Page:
The UK is seeing a veritable boom in ‘coastal’ styles of gin, which evoke the landscape with herbaceous and floral notes of coastal plants, along with a hint of salinity to mimic the sea breeze. Although not technically a category, it is becoming more widely recognised as a style. Alongside this, we are seeing a similar evolution in ‘island gins’: these work in a similar way to coastal gins, but evoke the spirit and sense of place of their island home.
Gin’s capacity to capture terroir and evoke place is something I consider fundamental to its popularity. By creating a sense of place, gin suddenly becomes a unique and collectable item; not only that, but it also opens the door for every village, town and city to have its own style. This meant that gin drinkers no longer wanted just one or two – they wanted as many as they could get their hands on, which was game-changing for the industry.
That said, capturing the unique sense of an island isn’t as easy as it sounds. The concept itself isn’t exactly new, either. Two of my earliest experiences of island gins were around seven years ago: that of The Botanist, utilising 22 native Islay botanicals that are foraged each year; and Death’s Door on Washington Island in the US, which not only captured a sense of the place, but also became an integral part of the island itself, reviving industry and bringing prosperity to its inhabitants. The signature botanical in Death’s Door is fennel; it is more widespread now, but at the time it was unusual to find it in a gin. In fact, the botanical recipe is only fennel, juniper and coriander. One interesting thing to note is that the juniper grows on the island (many island gins may use local botanicals, but still have to source their juniper from elsewhere – Isle of Raasay Gin is another exception).
A more modern equivalent of Death’s Door would be Isle of Harris Gin: a product built on the foundation of creating industry on the island. It incorporates locally harvested sugar kelp to evoke that sense of the coast and found popularity very early on due to its bottle design, which revolutionised gin bottle design as we know it.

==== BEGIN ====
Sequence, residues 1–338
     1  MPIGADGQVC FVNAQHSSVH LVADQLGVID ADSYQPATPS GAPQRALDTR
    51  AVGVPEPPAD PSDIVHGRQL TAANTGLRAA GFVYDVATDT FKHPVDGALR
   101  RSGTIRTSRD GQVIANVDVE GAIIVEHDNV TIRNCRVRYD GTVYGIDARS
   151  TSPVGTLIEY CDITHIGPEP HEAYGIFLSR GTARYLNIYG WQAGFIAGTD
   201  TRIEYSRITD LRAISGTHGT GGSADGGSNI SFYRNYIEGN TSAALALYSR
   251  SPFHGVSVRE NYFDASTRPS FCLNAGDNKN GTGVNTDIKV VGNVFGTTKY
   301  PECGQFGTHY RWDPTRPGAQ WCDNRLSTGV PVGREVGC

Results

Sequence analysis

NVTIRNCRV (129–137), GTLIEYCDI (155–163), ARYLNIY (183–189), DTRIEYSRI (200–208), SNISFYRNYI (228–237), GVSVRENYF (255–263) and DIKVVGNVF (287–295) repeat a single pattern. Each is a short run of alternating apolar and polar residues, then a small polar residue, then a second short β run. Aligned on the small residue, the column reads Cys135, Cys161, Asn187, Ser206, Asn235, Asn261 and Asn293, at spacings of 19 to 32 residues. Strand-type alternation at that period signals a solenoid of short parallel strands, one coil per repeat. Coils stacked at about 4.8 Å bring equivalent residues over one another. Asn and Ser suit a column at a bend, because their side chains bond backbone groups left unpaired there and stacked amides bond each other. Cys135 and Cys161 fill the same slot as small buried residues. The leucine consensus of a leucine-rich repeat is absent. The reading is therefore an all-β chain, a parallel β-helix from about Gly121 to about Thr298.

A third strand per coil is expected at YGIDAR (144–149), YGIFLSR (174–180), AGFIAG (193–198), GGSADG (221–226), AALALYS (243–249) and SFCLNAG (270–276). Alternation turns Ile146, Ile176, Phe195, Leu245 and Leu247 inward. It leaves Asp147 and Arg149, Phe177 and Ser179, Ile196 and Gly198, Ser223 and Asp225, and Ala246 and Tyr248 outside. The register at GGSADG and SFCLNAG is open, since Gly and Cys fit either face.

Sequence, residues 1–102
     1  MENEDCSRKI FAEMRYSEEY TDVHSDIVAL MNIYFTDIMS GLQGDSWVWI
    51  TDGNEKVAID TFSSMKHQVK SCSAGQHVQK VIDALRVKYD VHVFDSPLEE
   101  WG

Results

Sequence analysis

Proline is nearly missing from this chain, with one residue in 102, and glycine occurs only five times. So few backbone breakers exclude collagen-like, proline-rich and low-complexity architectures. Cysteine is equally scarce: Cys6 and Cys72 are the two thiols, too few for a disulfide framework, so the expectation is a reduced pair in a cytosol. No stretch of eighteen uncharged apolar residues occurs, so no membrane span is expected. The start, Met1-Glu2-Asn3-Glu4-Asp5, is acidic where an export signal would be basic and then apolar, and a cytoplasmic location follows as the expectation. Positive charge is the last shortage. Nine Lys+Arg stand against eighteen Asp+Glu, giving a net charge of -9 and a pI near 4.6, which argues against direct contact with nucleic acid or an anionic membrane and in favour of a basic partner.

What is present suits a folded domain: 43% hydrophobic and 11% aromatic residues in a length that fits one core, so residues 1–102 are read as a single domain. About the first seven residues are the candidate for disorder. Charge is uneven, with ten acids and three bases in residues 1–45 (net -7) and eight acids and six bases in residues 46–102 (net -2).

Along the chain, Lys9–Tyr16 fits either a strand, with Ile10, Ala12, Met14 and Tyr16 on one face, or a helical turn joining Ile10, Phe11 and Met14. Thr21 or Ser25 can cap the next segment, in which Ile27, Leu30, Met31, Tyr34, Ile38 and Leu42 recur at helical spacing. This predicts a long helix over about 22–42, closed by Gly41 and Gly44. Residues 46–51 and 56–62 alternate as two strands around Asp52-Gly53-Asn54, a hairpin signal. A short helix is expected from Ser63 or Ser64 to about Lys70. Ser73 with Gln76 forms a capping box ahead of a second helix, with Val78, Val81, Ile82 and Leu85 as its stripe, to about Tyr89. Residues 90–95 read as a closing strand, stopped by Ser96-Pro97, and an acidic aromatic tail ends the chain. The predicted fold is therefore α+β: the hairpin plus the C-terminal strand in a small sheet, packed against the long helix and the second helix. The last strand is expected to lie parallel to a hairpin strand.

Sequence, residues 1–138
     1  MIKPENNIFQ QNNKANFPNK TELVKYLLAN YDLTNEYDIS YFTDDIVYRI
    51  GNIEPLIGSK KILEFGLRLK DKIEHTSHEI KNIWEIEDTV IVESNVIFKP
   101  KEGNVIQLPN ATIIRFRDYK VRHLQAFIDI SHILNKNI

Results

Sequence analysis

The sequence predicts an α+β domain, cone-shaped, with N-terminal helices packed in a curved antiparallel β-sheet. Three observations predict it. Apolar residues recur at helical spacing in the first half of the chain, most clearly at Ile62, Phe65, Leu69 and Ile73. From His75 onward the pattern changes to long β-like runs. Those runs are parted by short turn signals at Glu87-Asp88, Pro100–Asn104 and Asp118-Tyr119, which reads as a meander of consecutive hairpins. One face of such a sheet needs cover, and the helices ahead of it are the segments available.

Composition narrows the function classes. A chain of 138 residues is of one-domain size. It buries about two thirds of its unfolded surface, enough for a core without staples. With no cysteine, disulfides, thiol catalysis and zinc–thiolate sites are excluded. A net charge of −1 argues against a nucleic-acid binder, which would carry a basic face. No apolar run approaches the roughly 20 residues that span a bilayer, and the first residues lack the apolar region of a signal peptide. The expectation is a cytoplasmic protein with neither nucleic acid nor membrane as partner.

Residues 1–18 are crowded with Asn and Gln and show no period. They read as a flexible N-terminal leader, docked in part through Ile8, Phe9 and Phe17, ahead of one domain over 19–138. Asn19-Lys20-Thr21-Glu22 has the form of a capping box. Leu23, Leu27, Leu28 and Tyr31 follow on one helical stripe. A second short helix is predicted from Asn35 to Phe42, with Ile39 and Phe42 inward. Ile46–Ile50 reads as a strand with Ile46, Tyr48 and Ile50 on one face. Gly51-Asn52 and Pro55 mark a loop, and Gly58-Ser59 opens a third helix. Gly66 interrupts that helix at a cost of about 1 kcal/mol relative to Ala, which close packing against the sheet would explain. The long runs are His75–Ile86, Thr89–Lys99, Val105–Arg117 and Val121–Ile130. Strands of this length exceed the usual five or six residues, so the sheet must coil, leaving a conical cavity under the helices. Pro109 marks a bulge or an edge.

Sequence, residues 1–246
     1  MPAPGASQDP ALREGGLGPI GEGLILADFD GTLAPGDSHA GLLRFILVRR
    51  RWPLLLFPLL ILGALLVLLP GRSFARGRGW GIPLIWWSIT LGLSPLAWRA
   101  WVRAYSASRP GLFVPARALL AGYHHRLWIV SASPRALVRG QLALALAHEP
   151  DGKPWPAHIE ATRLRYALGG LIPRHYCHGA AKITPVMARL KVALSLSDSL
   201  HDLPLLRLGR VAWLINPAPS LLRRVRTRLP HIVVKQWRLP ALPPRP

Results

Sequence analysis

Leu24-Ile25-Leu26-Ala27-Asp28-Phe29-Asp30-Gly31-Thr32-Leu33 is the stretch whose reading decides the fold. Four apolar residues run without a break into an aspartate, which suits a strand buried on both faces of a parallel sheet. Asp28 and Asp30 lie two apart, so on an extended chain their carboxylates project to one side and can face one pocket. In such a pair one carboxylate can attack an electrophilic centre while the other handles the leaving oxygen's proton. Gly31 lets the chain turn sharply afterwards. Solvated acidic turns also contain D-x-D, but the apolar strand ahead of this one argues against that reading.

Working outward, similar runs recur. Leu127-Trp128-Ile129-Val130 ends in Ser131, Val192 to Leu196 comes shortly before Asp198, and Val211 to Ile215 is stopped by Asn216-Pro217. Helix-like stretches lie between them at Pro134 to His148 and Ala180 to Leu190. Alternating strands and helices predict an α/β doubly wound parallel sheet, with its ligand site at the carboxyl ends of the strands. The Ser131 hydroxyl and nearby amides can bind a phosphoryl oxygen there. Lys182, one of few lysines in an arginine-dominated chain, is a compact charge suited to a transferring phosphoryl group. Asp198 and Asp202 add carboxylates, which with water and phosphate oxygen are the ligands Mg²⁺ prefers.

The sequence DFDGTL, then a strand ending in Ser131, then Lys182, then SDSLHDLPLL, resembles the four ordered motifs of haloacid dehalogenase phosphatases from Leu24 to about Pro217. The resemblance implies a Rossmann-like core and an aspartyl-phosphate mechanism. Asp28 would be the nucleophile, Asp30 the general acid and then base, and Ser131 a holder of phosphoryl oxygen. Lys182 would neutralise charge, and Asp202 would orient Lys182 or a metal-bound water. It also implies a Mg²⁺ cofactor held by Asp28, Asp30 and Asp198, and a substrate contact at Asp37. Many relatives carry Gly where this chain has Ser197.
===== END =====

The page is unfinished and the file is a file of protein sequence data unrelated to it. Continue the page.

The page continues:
As Death’s Door may suggest, the terroir of the coastline is a subjective thing. Whereas us Brits will likely think of seaweed, gorse flowers, rock samphire and the like, Mediterranean islands will likely feature more citrus and herbs. “What’s this got to do with the coast?”, you may ask – and that’s an interesting point. An island has a lot more to offer than the sea which surrounds it. Mahon by Xoriguer Distillery on Menorca, for instance, is one of the only gins in the world to have a geographical indication (GI), meaning it can only be made there. The story behind Mahon tells of ‘La Isla De Menorca’, a regular port stop for British soldiers who liked a drink while they were there. The locals capitalised on this by making their own gin from a local grape (wine) base, local juniper and water. Although I’m sure we can argue this is not a uniquetasting product, its production and name is woven into the very fabric of the island.
So, in this example, Mahon is absolutely an island gin, despite the profile missing the salinity that often comes with coastal character. I should add, though, that even coastal gins can be coastal without this. Hernö High Coast Terroir Gin is an ode to the beautiful landscape near the Swedish distillery. However, it’s the forested area around its coastal location that truly inspires this gin. Trumpet chanterelle adds spice to the profile along with sorrel, which is herbaceous with a tangy citrus flavour. These bring the forest accent to Hernö’s classic botanicals of meadowsweet, lingonberries and juniper. This gin leans much more into a terra terroir, rather than evoking the idea of land meeting sea.